The #TimesUp movement started in Hollywood, but it is now pouring into the lab.
Last Tuesday, scientists published an open letter calling on the American Association for the Advancement of Science (AAAS), the world’s largest scientific community, to address sexual harassment within its ranks.
While scientific academia is no stranger to harassment cases, many controversies involving scientists have recently taken center stage. In June, the Los Angeles Times reported that Francisco J. Ayala, an acclaimed geneticist at the University of California Irvine, resigned after a university investigation ruled that the former Dominican priest had sexually harassed four faculty members and graduate students. Ayala is a former president of AAAS.
The open letter charges that there is no mechanism to prevent AAAS award recipients from retaining their honors if they are revealed to be harassers. The letter calls on AAAS to pass a new policy to address harassment and strip honors and fellowships from offenders. Currently, harassers could be reprimanded by their university, but still maintain their titles, honors or privileges from AAAS.
Every year, AAAS taps 15 renowned scientists to take part in the Leshner Fellowship, which promotes collaboration between scientists and the public. The program aims to create institutional change for topics related to science and society, like climate change or infectious diseases. While Leshner recipients are carefully selected, fellows — including Noelle Eckley Selin, an atmospheric chemist from the Massachusetts Institute of Technology — have noted the organization lacks the capacity to weed out harassers.
“We thought that addressing harassment is a critical part of doing the public engagement and institutional change that we were asked to accomplish as Leshner Fellows,” said Selin, who is one of the letter’s authors.
The letter references a recent study from The National Academies of Sciences, Engineering, and Medicine that highlights the pervasiveness of harassment in the science community, especially towards women. The study says 58 percent of female faculty and staff in academia have experienced sexual harassment. Women of color and sexual- and gender-minority women also undergo increased rates of harassment.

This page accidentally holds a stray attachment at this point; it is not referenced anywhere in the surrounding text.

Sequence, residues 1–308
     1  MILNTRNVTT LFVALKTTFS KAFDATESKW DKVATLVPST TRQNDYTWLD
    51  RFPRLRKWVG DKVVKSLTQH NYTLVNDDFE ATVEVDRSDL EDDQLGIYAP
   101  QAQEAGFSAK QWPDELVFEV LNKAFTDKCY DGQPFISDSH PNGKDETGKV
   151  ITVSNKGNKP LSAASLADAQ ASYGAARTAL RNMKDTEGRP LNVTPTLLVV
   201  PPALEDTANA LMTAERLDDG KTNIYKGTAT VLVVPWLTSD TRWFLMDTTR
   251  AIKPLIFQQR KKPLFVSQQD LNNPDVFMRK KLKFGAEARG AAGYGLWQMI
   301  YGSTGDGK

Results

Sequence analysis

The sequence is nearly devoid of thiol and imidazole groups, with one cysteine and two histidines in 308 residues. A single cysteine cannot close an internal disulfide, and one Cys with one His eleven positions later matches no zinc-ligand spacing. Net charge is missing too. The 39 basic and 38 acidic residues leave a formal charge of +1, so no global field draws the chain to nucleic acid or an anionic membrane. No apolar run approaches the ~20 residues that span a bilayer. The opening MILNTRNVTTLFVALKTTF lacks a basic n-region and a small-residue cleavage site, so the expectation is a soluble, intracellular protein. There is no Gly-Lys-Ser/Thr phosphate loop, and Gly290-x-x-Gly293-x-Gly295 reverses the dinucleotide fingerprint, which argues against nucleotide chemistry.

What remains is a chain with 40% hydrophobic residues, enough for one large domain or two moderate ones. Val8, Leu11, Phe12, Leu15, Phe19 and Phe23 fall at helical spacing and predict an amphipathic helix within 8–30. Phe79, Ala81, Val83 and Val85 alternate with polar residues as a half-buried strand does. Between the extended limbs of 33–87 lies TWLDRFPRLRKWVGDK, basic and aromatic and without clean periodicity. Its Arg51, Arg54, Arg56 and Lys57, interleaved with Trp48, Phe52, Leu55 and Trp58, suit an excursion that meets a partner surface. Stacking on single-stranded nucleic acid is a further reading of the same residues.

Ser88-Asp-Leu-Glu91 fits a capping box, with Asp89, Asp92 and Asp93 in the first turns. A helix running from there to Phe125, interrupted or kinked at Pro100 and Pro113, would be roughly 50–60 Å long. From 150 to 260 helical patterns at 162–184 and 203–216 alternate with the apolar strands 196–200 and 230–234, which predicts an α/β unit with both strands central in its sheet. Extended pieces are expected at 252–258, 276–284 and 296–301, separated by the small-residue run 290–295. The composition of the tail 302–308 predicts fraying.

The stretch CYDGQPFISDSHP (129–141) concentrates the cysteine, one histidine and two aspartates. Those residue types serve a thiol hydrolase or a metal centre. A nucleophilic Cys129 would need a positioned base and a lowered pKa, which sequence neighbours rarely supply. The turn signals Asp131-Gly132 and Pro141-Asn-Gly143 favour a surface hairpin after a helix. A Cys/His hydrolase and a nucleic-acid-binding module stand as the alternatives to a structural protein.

“If you asked all of the different Leshner Fellows about this, we may each have a different person in mind,” said Meghan Duffy, an ecologist and evolutionary biologist.
So far, 85 percent of the Leshner Fellows and close to 700 other people have signed the letter, but they may have to wait until an upcoming AAAS vote to see any substantial policy change.
AAAS released this statement in response to the letter:
“AAAS and others are working to ensure that there are adequate policies in place that codify that the scientific community will not tolerate sexual harassment. For example, AAAS has been working with other scientific societies and with funding agencies on relevant policies, such as NSF’s proposed reporting requirements for sexual harassment. The code of conduct and harassment policy for the AAAS Annual Meeting has been used as an example policy and process for other scientific society conferences. We are working within our organization’s bylaws and governance structure as relates to elected AAAS Fellows, including the development of a Fellows revocation policy which is currently under consideration by the AAAS Council.”
Duffy and Selin noted that the impact of harassment ripples across a laboratory. When female scientists are looking for advisors and job opportunities, it is critical to know the reputations of their superiors and the work environment. These choices could seriously impact a woman’s mental health and career. The National Academies of Sciences report points out that male-dominant gender ratios and organization leaders who fail to take claims of sexual misconduct seriously are the best predictors of sexual harassment in a work environment.
Power and grant money tend to be concentrated at the top of the food chain, which can drastically influence organizational hierarchy and leave lower-level researchers feeling at risk. Because of this, biologist Maryam Zaringhalam of 500 Women Scientists described how research institutions can sometimes prioritize harassers over victims if the abusers can win awards that make the university shine.
“Too many universities have allowed bad actors to get away with harassment, believing that their contributions to science and the funding they bring to their institutions absolve them of any accountability,” Zaringhalam said via email. “They’re treated more like ‘tortured geniuses’ than perpetrators of toxic behavior.”
According to AAAS spokesperson Tiffany Lohwater, the organization is working to make sure there are policies in place to ensure that the scientific community will not tolerate harassment. The AAAS already enforces a code of conduct for its annual meetings and launched SEA Change — an initiative that prompts universities to enact systemic changes to support minority groups in STEM — earlier this year, she said.